DirtShow's Garage

4 vehicles

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    This bike is a super easy bike to ride. I took it out on exactly the same trail as my usual old WR250F and was able to ride it with more speed and confidence. I was expecting the Suzuki to be more difficult to ride with the stiffer springs, heavier weight and bigger engine but the opposite was true.
    The thing that really set the two bikes apart was the confident handling at the front end of the Suzuki. Whenever it hit a large rock I could find the front deflected to an extent and having to steer the bike back onto the trail. The Yamaha tends to get horribly rattled on the same obstacles. It feels like the wheel gets deflected sideways and it's a violent, slipped-on-a-banana-peel feeling (to be fair to the WR it could be a front end problem and I will work on the suspension).
    The heavier weight of the DR-Z gives it a stable feel on the trail and irons out the stiff bumps somewhat. The only time the extra weight was really noticeable was when the bike was airborne and flicked a bit. The suspension was smooth, responsive and predictable.
    The engine was very smooth, with plenty of torque. It's also pretty responsive for a 400cc single and I'm keen to see what it's like when worn in. Minimal gear changes were necessary since the sweet spot was huge. What it puts up with before it stalls makes it very learner friendly.
    The ergonomics are very comfy for my height. The height of the bike (with stock seat, sag not set) was very comfortable with my 80cm (31.5") inseam. I found my back a little fatigued standing with the stock handlebars, but I did have a tendency to try to get my weight back on this bike. I can't really explain why I was doing that, I can only guess it's because it's geometry feels different to what I'm used to and I'm compensating unnecessarily. The ergonomics of the Suzuki actually seem more suited to my size than the WR250F (2002), which seems like it's for someone a little taller.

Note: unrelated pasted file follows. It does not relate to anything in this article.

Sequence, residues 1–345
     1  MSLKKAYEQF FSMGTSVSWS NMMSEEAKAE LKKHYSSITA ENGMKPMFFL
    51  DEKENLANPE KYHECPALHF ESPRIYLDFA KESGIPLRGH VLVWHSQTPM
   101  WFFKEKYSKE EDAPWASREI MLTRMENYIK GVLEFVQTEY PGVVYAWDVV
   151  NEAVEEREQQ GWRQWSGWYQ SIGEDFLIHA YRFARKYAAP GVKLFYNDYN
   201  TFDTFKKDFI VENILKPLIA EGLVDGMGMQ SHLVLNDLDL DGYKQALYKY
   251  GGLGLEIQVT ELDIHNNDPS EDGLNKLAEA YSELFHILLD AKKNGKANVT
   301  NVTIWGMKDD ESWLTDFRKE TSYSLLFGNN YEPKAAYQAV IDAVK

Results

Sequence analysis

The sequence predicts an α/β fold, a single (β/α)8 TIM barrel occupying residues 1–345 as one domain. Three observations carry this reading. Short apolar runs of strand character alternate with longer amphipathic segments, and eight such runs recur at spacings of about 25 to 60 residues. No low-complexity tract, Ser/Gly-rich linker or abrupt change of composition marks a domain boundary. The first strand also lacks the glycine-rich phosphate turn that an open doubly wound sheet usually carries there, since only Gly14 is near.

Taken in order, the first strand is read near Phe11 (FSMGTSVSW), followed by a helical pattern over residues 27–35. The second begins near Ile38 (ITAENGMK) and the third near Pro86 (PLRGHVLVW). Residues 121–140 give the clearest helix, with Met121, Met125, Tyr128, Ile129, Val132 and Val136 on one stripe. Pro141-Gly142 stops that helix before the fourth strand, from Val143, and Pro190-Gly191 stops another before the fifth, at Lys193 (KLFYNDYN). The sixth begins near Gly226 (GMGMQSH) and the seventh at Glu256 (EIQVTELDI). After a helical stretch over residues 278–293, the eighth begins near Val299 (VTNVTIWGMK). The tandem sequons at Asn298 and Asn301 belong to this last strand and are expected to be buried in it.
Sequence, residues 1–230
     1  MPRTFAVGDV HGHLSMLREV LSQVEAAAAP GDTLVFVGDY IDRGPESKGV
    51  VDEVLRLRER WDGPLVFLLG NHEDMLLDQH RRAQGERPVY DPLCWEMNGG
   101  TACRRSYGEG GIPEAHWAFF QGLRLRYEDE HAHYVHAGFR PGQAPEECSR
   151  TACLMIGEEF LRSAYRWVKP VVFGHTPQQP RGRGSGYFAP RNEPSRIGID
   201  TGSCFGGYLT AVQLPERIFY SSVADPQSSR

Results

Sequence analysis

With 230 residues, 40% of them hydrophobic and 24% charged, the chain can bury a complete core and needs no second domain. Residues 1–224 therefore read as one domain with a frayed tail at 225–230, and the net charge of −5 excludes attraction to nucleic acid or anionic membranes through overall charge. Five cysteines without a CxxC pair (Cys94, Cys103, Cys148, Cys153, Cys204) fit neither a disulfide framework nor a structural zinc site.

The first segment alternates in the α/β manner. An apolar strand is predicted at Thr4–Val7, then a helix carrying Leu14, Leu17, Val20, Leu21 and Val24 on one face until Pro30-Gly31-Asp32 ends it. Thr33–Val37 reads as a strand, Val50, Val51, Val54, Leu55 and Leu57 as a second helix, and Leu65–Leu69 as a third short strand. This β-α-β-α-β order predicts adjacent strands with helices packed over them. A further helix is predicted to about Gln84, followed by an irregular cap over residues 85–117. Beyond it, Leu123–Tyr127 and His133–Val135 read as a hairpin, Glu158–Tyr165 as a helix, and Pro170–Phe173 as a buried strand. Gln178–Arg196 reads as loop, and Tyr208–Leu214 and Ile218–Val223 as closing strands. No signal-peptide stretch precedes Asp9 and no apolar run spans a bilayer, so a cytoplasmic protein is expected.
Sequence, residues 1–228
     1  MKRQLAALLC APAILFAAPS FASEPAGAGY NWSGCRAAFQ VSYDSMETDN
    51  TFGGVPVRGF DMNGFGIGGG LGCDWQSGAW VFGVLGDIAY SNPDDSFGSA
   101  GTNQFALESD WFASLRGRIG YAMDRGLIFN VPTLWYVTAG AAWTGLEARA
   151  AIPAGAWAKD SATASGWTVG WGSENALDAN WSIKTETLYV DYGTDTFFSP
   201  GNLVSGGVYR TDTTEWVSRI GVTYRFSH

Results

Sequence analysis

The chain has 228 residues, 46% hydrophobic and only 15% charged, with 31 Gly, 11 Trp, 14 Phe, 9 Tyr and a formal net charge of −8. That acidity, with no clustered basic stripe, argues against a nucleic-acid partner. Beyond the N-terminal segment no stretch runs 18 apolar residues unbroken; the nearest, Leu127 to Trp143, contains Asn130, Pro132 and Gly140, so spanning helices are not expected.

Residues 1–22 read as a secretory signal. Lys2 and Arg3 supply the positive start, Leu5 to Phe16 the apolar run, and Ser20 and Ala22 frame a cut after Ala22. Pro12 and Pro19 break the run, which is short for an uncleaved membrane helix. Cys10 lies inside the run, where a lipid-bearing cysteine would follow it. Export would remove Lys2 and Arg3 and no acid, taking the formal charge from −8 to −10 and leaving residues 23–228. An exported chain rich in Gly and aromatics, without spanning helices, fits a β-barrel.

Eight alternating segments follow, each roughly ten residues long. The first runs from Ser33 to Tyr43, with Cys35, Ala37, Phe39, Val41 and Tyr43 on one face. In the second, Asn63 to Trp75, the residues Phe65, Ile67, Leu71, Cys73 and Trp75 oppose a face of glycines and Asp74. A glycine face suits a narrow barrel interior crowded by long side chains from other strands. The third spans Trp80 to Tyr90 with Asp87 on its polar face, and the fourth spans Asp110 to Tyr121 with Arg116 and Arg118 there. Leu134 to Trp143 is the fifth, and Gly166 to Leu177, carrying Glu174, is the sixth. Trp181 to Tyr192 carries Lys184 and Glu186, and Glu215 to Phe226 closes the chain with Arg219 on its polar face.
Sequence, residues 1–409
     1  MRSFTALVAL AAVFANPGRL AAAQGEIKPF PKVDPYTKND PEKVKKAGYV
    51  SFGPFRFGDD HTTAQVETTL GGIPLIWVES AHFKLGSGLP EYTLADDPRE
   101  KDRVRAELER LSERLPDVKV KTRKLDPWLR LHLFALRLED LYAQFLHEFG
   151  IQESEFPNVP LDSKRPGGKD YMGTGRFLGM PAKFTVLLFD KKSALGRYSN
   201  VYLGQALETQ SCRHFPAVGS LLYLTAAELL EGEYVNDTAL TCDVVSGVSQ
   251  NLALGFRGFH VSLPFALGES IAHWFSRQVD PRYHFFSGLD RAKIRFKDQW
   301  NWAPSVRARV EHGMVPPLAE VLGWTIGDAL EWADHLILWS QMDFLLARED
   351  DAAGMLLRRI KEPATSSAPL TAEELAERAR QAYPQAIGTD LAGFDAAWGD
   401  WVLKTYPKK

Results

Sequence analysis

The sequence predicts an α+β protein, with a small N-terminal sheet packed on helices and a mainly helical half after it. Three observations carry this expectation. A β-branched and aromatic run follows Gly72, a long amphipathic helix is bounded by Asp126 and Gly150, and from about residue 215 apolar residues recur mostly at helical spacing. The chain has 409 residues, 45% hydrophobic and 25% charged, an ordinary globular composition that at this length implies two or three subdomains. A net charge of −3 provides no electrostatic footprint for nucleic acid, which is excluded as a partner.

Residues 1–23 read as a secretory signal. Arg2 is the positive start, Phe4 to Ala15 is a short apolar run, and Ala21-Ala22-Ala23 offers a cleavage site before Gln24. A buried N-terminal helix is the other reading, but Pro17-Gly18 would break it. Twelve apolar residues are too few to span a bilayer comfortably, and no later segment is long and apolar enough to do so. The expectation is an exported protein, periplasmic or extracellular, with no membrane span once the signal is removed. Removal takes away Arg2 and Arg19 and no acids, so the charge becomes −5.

A low point for this bike is the lack of a 6th gear. For trail riding it doesn't need one, but if you want a bike you can ride on the highway and the trails (which is pretty much the purpose of road legal dirt bike) this would be something that would make you look for a different bike. The looks of this bike are ok, but not stunning. You know it's a dual sport from the looks. The stock graphics are attractive and minimalist. It would always be nicer to have lots of decals covering the plastics to minimise the bush pinstripes but it never seems to happen. What did happen was a bonus enduro kit with spark arrestor, Suzuki bash plate and Barkbusters 'Ego' hand guards. The Ego model is a low profile small model meant for shorty levers. The stock DR-Z doesn't have shorty levers so I think 'Jet' would have been a better choice. The long levers foul the Ego aluminium brace and create an annoying buzz. The bash plate also makes a hideous rattling noise that turns heads. It was coming from the rear bracket rattling against the cross-member it rests on. I'm going to solve the problem with a piece of foam beer can cozy.

    The rider:
    5'8"
    65 kg (143 lb)
    39 year old female
    Moderate fitness level
    Intermediate level trail rider

    The bike set up:
    I didn't know what the DR-Z suspension should be set at for myself so I had a guess and adjusted everything to 2 clicks away from softest.
    It has an SDG tall seat and Moose Hybrid footpegs with rear offset as the only aftermarket changes.
    The exhaust and jetting are unchanged and the road restrictor remains installed in the muffler.
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    Wild beast that I'm not yet skilled enough to control.
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    I've posted this bike because there are zero pictures on the web of Yamaha WR250F 2002 model with Factory Effex EVO11 Graphics. See modifications for further details.
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    This bike doesn't have a lot of torque and bottom end power but higher in the rev range is arm-ripping acceleration. The peak figure is just shy of 200 bhp with ram-air. It is slimmer than the previous models, which makes it feel more maneuverable than previous models, despite the longer wheelbase and extended rake for stability at speed. These bikes have a back torque limiter or slipper clutch as standard equipment. There’s also radial brakes, petal discs, fully adjustable front and rear suspension and an Ohlins steering damper as standard. KIMS (Kawasaki Ignition Management System), reduces wheel spin when a loss of traction is predicted. Doesn't really interfere with anything unless you want to do stunts.
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